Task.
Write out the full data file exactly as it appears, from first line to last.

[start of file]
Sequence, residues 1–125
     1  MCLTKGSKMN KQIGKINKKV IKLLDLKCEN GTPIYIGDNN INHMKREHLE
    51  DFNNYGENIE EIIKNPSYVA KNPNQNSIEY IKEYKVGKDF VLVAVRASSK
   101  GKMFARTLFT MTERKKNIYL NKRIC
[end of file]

Sequence, residues 1–125
     1  MCLTKGSKMN KQIGKINKKV IKLLDLKCEN GTPIYIGDNN INHMKREHLE
    51  DFNNYGENIE EIIKNPSYVA KNPNQNSIEY IKEYKVGKDF VLVAVRASSK
   101  GKMFARTLFT MTERKKNIYL NKRIC